“Design is an important piece of this,” says Rollert, whose first two hires were UX researchers (one of whom he had to pay out-of-pocket and then with the government-based small business loans that were being given out at the start of the pandemic.) “What we’re trying to do is make something accessible to an end user, to manipulate a system or domain that they weren’t able to work with before.”
Users can build and use automated trading strategies, known as Symphonies, that can invest across all liquid securities traded on major U.S. exchanges, all at once. Once a strategy is ready to go, Composer uses a broker API from Alpaca, an API for crypto and stocks, to execute trades.
Some Symphonies are put together by Composer, including replications of famously guarded strategies like Ray Dalio’s and new ones like “Big Tech,” which invests once a month in the two best-performing big tech stocks. Others are made by up-and-coming creators, like Packy McCormick or Stoic Capital; users (and superfans) can invest in those whose worldviews they most believe in.
Symphonies can be used as is, edited, merged, or built from the ground up. The site lets users check slippage, or the future outcome on a Symphony if a stock trades lower than expected, add weights to certain stocks in their picks, and match their Symphonies against the performance S&P 500 index (SPY). Big Tech, by the way, has done better than the SPY every single quarter since it started in 2016.
Rollert adds that a key part of Composer’s appeal is backtesting, which produces data on how strategies may have fared in the past. On the platform, a user can check what would have happened if one were to choose Dalio’s famous “weather-any-storm” index in the past — maybe during the pandemic, when it dipped below the SPY for the entire year of 2020. “Every serious portfolio manager backtests their strategies,” Rollert says. “Why can’t retail people do this too?”
Rollert cites Jack Bogle’s approach to the market often: go slow and steady. In 1976, Bogle invented the index fund. At the time, it was a complete abstraction, a concept that suggested that one could invest in an index without having to put money into each and every single stock represented. In fact, it was so abstract that it was not popular with retail investors (at least not immediately.)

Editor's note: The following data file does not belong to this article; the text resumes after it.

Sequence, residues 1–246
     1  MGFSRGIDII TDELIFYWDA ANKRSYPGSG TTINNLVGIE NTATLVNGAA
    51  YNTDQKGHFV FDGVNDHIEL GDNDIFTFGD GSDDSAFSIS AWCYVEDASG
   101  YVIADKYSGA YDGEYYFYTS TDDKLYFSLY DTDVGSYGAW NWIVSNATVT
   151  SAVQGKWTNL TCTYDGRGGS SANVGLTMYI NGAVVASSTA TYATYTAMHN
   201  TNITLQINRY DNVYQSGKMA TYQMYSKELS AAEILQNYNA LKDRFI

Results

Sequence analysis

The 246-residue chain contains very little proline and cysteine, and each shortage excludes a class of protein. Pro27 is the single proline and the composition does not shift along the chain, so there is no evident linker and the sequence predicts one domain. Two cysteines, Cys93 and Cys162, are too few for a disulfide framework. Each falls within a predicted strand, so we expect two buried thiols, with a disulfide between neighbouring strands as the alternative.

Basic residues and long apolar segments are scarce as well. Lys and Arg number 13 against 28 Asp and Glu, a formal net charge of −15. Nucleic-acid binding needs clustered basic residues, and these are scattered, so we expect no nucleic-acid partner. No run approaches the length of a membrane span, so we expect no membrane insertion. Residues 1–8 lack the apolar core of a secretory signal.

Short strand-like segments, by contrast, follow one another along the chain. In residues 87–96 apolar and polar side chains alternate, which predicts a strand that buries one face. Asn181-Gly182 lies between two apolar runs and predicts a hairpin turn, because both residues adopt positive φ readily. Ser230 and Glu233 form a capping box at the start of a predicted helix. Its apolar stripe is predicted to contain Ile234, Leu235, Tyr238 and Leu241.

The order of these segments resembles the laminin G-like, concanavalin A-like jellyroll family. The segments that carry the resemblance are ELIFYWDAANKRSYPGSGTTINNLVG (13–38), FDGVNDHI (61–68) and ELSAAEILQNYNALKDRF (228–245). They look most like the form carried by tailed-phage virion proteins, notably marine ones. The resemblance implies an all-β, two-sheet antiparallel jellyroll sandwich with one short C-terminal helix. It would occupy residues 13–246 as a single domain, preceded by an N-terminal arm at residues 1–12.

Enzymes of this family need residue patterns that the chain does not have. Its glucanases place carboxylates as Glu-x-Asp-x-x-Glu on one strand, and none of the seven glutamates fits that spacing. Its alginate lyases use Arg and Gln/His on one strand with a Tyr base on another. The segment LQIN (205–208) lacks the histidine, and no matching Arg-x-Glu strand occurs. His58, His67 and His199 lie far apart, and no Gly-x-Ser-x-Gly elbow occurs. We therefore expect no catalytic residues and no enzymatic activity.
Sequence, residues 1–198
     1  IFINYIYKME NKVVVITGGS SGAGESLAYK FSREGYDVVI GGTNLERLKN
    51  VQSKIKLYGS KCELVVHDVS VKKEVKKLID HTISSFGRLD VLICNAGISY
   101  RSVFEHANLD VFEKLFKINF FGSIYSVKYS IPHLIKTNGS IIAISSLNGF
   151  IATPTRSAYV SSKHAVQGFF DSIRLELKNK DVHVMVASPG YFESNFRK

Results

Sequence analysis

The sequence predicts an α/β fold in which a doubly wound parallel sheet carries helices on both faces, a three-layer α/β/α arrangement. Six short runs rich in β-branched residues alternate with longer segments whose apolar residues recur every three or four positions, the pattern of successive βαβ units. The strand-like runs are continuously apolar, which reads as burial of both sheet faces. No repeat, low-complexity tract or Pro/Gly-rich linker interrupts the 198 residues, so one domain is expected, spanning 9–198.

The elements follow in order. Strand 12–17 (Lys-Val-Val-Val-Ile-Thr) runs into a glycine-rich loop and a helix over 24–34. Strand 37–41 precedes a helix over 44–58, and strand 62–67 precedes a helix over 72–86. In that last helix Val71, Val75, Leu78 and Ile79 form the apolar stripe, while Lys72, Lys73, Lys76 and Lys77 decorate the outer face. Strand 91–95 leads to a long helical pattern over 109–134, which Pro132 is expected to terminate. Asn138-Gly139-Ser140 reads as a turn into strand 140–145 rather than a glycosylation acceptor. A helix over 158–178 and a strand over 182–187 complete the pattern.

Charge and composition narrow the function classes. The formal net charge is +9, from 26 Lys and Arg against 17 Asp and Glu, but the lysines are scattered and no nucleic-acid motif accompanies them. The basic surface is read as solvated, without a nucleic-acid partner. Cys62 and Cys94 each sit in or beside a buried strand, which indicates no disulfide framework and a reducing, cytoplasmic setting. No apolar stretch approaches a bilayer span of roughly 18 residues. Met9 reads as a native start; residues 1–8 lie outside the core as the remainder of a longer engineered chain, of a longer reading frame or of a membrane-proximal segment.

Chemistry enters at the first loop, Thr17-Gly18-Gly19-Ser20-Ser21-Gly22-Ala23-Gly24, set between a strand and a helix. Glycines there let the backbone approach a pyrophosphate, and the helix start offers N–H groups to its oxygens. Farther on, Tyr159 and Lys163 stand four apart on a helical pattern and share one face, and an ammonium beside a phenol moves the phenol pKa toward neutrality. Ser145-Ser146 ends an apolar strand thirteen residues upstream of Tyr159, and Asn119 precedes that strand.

At first, the index fund existed within the purview of academia; eventually, it escaped and gained the interests of a small group of devout followers. And finally, slowly, it reached a wider market (“like a religion!” exclaims Rollert).
Rollert explains that Composer is similarly starting by catering to a loyal group of users and isn’t planning to go mass market the Robinhood way — at least not at first, because it is “expensive and competitive.” Most of Composer’s initial users, he says, look like himself and those friends who were first interested in investing in his Python-scripted strategies at the start of the pandemic: 401(k)-holders, conservative savers, and professionals who are looking to add some flavor to their existing investments.
“The real secret is that it’s much easier to get product-market fit if you’re representative of the customer you’re building for,” says Rollert. “Then, it’s not like this crazy distraction anymore where you’re trying to imagine what this person wants.”
But Rollert’s vision doesn’t stop there — he says that there’s no reason they can’t approach more novice investors, maybe even the kind that are first getting into investing for the first time. But he takes a measured approach; Rollert is clear that he doesn’t believe that stocks should be the next-gen gambling machine.
“We could definitely go there,” he says. “But maybe they invest with someone they trust. Even if they feel a little intimidated to do it. Maybe this might be their first step to investing better, more wisely. To actually learn the ropes of investing, so it’s not just limited to a wealthy few.”
There are challenges, of course. Even today, only over half of the U.S. (58%) invests in the public directly or indirectly, and this number has dropped since the 2007-08 recession, when it was at 62%. And there are a whole suite of competitors attempting to coerce retail investors from every angle, from companies like Betterment, which has raised $435M in total funding and provides a robo advisor that helps people invest in ETFs, to myriad others closer to Composer on the active investing spectrum with a variety of models, like Webull and Iris.
But Rollert hopes that they’ll soon become enough of a household name that the competition won’t matter. Eventually, Rollert hopes that a Symphony is its own asset, something like the index fund.
“I think of the Symphony as the next layer of abstraction above the index fund,” he says. “And I really hope it is as revolutionary as the index fund.”